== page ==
In order to assure that the bottom rails 34' make a tight interlock with the sill strips, without close manufacturing tolerances in the strips, the rails 34 preferably take that form shown in FIG. 8. As seen, the shoulders 30 of the female face 26 have deep, but narrow, longitudinally extending grooves 40 therein which are inwardly canted from the plane of the shoulders, and slightly inwardly oversized at the bottoms 40' thereof. Thus, the resulting side wall structure of the rails provides sufficient flexure to accommodate a sill strip 10 which is slightly oversized from the standards otherwise set therefor.
In the embodiment of FIGS. l-4, the side walls 20' and female face 30 of the stiffener are boxed in with three appropriately dimensioned length of wood material 46. as illustrated, to form a coping 44. The side wall strips 42 are cut flush with the shoulders 28 of the male face 24, so that when the coping is applied, the continuous exterior and interior surfaces of the wall 2 are not interrupted.
A more preferred form of coping is shown in FIG. 5, wherein an elongated strip ltle of the sill materials is inverted and bonded to the underside of a 2 x 4 or other appropriately dimensioned length of wood material 46. The stiffener thus constituted by the sill strip 106, is ordinarily engaged in grooved rails 34 of the type seen in FIG. 8.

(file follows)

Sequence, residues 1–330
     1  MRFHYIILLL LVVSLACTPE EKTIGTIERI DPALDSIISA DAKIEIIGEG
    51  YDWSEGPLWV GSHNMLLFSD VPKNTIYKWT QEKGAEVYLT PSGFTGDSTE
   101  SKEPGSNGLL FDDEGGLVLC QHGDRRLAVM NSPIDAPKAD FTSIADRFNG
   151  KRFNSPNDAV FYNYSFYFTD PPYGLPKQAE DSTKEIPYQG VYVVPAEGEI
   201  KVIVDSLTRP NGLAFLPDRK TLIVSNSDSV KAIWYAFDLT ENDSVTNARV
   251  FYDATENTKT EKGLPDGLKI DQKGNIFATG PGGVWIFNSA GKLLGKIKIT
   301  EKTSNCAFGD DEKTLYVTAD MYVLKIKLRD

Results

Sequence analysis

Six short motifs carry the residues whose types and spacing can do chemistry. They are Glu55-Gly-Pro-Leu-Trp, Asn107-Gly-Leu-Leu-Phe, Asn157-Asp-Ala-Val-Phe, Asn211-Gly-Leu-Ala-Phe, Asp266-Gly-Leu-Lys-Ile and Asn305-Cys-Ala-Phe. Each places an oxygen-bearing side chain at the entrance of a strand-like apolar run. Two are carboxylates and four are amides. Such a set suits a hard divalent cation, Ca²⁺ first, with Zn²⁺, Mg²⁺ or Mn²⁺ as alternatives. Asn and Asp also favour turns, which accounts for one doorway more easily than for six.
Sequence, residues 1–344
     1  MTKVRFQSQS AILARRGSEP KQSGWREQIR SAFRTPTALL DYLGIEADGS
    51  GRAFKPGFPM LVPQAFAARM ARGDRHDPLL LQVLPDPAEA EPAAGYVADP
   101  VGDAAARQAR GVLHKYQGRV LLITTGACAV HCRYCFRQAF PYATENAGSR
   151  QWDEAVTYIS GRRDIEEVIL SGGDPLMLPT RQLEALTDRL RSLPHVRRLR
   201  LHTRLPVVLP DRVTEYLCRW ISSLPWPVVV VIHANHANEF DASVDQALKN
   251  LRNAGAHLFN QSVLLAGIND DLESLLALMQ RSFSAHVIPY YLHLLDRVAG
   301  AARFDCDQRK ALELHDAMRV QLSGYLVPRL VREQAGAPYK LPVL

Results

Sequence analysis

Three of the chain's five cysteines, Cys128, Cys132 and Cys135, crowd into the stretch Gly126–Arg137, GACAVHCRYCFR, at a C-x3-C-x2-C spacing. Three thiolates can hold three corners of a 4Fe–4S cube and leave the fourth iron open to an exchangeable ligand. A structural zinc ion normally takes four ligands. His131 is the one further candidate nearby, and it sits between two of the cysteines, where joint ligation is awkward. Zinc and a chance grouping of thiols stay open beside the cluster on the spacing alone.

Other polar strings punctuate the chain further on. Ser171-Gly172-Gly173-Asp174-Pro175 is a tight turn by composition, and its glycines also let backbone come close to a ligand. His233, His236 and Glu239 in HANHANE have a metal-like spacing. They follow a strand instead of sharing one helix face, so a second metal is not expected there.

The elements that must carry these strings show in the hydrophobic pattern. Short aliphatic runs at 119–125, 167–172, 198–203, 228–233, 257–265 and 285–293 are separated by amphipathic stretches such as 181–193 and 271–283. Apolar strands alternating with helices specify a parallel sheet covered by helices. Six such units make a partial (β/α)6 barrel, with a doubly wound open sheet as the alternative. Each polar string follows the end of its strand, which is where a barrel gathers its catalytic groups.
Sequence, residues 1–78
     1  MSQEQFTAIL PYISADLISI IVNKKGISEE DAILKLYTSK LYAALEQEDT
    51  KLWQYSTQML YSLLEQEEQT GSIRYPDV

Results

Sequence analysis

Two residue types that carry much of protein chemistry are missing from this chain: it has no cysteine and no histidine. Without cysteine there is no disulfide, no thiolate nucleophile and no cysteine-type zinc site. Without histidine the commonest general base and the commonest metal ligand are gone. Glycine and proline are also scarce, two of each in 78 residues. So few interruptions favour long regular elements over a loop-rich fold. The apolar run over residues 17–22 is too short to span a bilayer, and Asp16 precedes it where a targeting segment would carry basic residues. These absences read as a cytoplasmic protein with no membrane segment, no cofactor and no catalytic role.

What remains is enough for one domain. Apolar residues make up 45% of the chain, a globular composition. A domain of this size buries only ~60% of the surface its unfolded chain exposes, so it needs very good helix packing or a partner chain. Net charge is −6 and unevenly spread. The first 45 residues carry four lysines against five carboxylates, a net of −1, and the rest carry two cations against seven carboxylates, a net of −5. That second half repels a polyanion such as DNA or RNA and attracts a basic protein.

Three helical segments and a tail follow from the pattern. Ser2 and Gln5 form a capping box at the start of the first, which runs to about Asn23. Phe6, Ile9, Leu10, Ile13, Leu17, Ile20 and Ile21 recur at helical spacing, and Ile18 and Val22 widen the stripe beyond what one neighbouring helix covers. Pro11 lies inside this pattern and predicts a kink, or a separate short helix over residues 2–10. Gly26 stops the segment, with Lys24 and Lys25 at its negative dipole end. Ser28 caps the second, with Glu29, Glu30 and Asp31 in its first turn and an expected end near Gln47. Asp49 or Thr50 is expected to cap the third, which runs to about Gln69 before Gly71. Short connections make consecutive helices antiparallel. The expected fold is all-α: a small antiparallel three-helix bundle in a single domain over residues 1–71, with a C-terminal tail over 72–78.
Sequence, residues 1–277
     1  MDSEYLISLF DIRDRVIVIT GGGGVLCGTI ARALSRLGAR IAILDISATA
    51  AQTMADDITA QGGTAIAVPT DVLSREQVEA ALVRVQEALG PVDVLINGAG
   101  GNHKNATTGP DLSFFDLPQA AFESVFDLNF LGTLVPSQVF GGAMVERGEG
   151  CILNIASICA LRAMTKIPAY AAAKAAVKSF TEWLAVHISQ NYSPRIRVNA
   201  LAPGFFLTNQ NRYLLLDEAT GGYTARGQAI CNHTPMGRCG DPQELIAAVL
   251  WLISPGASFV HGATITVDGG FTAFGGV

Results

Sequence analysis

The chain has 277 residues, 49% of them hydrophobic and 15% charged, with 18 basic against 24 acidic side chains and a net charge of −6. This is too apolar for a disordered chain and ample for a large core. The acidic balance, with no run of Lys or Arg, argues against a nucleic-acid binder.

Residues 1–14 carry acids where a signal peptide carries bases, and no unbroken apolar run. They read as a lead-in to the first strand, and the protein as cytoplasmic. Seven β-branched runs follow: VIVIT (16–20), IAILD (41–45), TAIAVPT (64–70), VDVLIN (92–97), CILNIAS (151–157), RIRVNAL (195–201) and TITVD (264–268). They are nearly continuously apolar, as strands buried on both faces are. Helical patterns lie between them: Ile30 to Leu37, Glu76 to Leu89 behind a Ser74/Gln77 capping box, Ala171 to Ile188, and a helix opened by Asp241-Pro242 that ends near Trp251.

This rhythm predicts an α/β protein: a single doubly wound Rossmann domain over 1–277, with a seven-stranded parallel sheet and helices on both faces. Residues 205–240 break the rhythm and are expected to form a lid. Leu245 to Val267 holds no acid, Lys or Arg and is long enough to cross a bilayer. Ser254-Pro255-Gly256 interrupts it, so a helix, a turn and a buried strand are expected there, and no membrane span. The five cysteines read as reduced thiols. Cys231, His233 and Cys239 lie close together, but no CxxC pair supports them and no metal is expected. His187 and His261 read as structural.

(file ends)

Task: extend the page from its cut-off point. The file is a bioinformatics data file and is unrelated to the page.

FIG. 2 illustrates the manner in which the corners of the frame 18 are formed. The female stiles 32 and the ends of the crossrails 34 meeting therewith, are mitered on 45 angles to form a mitered joint at each of the upper and lower left-hand corners. In the case of the joints between the male stiles 32 and the crossrails, however, a somewhat different technique is employed. As seen in the upper right-hand corner of FIG. 2, the female faces 26 of the rails 34 are extended to the shoulder plane 28 of the male stile, but the male faces 24 of the rails are cutaway from the meeting ends thereof. along 45 bevels to interengage in tongue and groove fashion with the female face 26 of the male stile 32.
Typically, the framing material is extruded from a lightweight metal such as aluminum, and then cut to the desired lengths. My present practice is to bond the wall members 16 to the side walls 20' of the frame 18 with a high peel strength adhesive, such as a polyamide type adhesive now available in the market. However, numerous other means including mechanical fastener means such as screws, can be employed to secure the members to the frame. Both the cavities 22 of the frame, and the hollow interior of each panel within the frame, can be filled with insulative material 48 and/ or used to house electrical wiring, plumbing and the like. Normally all such materials are pre-installed at the time the panels are fabricated.